Before I begin this review, let’s get something out of the way. If you think there is no place in fiction for real world concerns, for “politics”, or for notions of social justice, The Ballad of Black Tom is not a book for you. You can abandon this review, and skip this book entirely. If, however, you are open to the idea that a story might look different from a different sort of person’s point of view, if you are willing to entertain the notion that inhabitants of the United States who aren’t white men have been treated badly and might be very, very angry about that treatment, well, The Ballad of Black Tom might be exactly what you’re looking for.
The Ballad of Black Tom is not Lovecraftian. It is not a story that plays with the mythos Lovecraft established. No, The Ballad of Black Tom takes Lovecraft’s The Horror at Red Hook and wholesale reinvents it, telling the story from the point of view not of the “heroic” investigators but one of the cultists. The shift in viewpoint brings multiple aspects often ignored to light and manages to honor Lovecraft’s imaginative worlds while simultaneously condemning the incredible racism of the man himself.
That Lovecraft was racist should not surprise anyone, even the most casual fan of his work. More than just a product of his times, Lovecraft expressed outright hatred for non-white humans in his private letters and peopled his stories with “savages” and “degenerates”. He routinely used the most vicious of stereotypes as stand-ins for Black, Asian, and Arab characters. An honest accounting of Lovecraft’s work would find few villains who weren’t inscrutable people of color summoning unimaginable monsters for reasons the, presumed, white audience could never comprehend.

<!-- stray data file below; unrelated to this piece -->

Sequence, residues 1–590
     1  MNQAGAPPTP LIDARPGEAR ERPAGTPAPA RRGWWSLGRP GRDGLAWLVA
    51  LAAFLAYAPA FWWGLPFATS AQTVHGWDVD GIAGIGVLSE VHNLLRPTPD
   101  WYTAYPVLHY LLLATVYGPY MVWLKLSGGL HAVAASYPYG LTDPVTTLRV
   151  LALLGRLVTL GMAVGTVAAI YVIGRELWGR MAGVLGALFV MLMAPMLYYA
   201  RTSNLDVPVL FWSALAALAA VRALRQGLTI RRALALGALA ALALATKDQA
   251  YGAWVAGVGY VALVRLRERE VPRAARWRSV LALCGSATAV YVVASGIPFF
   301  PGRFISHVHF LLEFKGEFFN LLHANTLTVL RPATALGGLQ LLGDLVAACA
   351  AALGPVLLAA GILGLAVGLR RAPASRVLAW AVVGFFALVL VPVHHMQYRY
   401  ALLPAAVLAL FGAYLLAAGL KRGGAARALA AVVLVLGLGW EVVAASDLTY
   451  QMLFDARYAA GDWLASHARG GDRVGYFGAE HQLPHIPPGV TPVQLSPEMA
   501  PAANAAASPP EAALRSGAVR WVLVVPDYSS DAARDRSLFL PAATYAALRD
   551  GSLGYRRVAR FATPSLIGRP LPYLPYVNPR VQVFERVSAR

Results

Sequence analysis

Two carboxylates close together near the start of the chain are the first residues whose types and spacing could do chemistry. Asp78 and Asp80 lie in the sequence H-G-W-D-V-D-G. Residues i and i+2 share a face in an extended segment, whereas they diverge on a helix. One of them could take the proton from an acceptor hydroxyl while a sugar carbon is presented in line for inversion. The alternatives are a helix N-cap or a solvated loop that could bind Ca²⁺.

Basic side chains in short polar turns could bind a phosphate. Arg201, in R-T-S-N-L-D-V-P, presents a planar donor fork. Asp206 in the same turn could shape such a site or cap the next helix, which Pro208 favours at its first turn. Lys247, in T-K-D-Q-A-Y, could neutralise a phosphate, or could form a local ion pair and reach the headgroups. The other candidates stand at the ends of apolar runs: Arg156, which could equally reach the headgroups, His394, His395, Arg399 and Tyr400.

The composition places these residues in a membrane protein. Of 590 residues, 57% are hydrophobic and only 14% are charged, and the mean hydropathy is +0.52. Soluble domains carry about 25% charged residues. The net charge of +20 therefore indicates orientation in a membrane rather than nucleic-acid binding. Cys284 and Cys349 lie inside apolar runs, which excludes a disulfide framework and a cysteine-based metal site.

What Victor LaValle does in The Ballad of Black Tom is to put you into the shoes of one particular Black cultist and make you understand why he might prefer Cthulhu to the world as it is. I try to avoid spoilers in these reviews, and I will avoid them here. Suffice it to say that by the time the blood is flowing and portals to other worlds are opening upon vast sleeping cities, you might not agree with the summoners, but, if you’ve read with an open mind, I think you might understand.
More than just an exercise in social justice though, The Ballad of Black Tom is a beautifully dark tale all its own. Even if The Horror at Red Hook didn’t exist, this book would be well worth reading. LaValle brings 1920s New York to life in a clear, fast moving prose that makes you feel like you are there. And when the horror starts to set in, LaValle doesn’t shy away. No, he keeps that same clear, concise, pointed tone, and he makes you feel every razor cut, every strange syllable intoned in a dark room.
I haven’t enjoyed a book this much in a while. Once I started reading, I simply had to know what happened next. Every line of this book drips with eldritch horror and the pervasive suffocating racism of a country that had just started to move towards real equality. For any fan of Lovecraft, for any fan of tales of dark sorcery and hidden knowledge, and for any fan of unflinching social examination, I cannot recommend this book highly enough. Go and read it. See if you find yourself praying for an indifferent god, too.